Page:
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Economy

What Should Cities Make?

President Trump is gung-ho about the U.S. producing more goods. But what, exactly, should cities be making in the 21st century?
Make beer, not widgets: Sabrina Calhoun loads a pallet with cases of beer at Rhinegeist Brewery in Cincinnati's Brewery District in 2015.
Make beer, not widgets: Sabrina Calhoun loads a pallet with cases of beer at Rhinegeist Brewery in Cincinnati's Brewery District in 2015.John Minchillo/AP

When President Donald Trump announced his Manufacturing Jobs Initiative last month, he was moving forward on a promise he made over and over during his campaign: to make America great at making stuff again.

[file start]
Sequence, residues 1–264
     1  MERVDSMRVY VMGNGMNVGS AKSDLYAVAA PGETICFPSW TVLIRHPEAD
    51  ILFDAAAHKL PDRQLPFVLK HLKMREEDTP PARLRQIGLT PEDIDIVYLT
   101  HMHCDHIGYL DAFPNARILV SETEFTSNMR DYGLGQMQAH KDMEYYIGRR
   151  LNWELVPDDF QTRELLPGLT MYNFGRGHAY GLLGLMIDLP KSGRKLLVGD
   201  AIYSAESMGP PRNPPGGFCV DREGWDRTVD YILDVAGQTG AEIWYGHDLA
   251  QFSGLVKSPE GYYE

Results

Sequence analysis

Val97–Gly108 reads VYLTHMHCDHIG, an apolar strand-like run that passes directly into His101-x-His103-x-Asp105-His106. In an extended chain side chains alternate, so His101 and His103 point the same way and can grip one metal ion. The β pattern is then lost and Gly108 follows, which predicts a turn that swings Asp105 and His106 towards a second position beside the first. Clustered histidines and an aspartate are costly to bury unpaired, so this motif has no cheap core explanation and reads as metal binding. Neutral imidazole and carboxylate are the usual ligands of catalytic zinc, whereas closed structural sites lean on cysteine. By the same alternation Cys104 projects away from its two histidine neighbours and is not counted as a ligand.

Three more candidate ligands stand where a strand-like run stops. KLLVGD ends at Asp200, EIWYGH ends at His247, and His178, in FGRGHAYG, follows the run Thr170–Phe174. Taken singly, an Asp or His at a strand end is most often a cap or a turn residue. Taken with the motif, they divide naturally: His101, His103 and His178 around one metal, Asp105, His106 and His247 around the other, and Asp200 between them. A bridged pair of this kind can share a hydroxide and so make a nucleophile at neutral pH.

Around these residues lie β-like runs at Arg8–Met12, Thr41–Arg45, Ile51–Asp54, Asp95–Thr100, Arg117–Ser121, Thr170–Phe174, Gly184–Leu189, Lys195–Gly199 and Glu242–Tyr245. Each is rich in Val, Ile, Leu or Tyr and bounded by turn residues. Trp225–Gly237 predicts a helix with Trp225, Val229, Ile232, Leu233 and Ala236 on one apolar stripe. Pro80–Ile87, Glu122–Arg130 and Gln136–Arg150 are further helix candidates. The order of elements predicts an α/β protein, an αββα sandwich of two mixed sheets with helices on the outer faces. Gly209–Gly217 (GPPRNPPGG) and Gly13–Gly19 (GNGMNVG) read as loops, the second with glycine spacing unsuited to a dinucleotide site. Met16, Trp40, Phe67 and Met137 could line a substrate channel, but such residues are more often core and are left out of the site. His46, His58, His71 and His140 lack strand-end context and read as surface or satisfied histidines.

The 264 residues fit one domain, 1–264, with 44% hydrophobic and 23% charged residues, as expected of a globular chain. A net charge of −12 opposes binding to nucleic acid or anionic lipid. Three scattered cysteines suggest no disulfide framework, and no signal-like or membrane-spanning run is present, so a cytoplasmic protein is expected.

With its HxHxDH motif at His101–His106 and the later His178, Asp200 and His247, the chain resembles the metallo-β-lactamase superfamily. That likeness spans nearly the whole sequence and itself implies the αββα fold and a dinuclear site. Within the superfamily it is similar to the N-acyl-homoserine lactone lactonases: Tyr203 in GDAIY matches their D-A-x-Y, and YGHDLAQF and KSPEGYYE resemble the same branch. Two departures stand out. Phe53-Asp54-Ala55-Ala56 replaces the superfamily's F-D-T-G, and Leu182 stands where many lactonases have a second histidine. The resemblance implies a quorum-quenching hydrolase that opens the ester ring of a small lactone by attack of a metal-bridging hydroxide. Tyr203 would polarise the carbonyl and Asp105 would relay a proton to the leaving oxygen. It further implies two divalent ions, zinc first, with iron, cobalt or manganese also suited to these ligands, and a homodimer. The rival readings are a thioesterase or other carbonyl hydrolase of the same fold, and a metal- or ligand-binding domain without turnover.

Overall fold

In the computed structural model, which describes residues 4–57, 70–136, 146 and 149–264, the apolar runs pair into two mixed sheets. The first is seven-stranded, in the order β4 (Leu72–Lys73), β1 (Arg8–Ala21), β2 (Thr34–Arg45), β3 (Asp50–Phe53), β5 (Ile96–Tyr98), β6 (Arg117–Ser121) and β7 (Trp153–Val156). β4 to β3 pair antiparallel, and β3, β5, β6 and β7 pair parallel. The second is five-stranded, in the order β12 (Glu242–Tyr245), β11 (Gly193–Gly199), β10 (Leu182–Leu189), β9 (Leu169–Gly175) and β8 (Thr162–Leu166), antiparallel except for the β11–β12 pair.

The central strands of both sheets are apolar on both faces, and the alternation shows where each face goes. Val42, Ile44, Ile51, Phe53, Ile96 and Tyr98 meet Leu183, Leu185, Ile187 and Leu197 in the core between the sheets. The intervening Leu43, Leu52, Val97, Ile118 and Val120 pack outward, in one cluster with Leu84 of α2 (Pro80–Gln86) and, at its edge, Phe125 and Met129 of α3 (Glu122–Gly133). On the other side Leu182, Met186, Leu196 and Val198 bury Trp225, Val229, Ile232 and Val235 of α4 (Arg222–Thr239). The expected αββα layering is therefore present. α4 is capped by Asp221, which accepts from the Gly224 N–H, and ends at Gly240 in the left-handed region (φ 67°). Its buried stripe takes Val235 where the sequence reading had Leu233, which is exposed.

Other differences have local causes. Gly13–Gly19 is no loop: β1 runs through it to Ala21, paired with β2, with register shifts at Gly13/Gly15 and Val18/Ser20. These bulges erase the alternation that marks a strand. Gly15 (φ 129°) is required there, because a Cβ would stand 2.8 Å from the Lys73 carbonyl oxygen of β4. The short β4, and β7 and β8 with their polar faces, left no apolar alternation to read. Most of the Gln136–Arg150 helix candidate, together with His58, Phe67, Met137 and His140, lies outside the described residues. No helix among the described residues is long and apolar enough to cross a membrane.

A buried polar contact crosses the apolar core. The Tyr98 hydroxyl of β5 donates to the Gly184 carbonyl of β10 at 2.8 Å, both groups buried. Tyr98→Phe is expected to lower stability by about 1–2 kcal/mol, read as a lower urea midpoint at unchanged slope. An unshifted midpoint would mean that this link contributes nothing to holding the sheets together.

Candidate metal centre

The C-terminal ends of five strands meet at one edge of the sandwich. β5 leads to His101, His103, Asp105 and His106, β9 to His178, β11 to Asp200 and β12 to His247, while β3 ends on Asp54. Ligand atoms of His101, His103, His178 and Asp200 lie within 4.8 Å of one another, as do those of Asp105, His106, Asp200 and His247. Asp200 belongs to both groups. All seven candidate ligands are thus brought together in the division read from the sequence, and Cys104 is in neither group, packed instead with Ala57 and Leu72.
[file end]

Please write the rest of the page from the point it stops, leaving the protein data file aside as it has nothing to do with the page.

“America became the world’s dominant economy by becoming the world’s dominant producer,” the then-candidate said during a campaign stop in Monessen, Pennsylvania, in June 2016. Lambasting globalization and trade pacts as “economic surrender,” he pledged to restore the country to the glory days of thrumming assembly lines: “We will make America the best place in the world to start a business, hire workers, and open a factory.”